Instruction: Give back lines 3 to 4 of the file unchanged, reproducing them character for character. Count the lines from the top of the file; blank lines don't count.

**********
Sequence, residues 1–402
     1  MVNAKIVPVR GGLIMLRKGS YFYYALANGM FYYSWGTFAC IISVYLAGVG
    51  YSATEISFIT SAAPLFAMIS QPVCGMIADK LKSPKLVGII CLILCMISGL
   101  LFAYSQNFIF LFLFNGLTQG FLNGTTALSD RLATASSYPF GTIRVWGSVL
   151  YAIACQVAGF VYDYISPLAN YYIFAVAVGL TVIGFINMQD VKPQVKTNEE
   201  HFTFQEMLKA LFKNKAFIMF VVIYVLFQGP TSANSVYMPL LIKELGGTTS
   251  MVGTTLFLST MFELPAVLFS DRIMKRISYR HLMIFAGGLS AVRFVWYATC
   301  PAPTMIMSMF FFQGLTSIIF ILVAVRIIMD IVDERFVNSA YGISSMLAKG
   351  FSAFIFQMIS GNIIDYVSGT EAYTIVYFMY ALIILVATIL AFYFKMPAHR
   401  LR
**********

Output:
    51  YSATEISFIT SAAPLFAMIS QPVCGMIADK LKSPKLVGII CLILCMISGL
   101  LFAYSQNFIF LFLFNGLTQG FLNGTTALSD RLATASSYPF GTIRVWGSVL